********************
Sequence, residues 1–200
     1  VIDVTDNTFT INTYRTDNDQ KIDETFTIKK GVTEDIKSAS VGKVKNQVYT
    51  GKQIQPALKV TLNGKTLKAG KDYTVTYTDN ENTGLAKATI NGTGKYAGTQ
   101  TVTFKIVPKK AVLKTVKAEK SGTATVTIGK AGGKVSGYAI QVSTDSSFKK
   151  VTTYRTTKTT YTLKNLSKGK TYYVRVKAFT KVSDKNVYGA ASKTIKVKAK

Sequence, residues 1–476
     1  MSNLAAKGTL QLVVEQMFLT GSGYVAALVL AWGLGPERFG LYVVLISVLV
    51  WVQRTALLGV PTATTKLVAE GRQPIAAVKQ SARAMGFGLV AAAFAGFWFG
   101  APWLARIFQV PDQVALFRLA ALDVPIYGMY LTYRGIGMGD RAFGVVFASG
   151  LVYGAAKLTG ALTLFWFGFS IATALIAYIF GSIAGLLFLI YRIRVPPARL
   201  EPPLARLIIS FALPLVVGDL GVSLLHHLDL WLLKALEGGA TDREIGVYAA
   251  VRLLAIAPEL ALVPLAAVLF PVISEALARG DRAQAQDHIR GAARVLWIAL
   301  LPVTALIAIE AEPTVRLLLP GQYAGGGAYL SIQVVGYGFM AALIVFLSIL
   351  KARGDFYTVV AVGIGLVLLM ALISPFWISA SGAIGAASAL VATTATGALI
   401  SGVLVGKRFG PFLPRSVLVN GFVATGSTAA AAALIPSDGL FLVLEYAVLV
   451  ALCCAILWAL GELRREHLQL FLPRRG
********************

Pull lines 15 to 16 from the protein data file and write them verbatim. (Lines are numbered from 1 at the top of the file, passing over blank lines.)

   401  SGVLVGKRFG PFLPRSVLVN GFVATGSTAA AAALIPSDGL FLVLEYAVLV
   451  ALCCAILWAL GELRREHLQL FLPRRG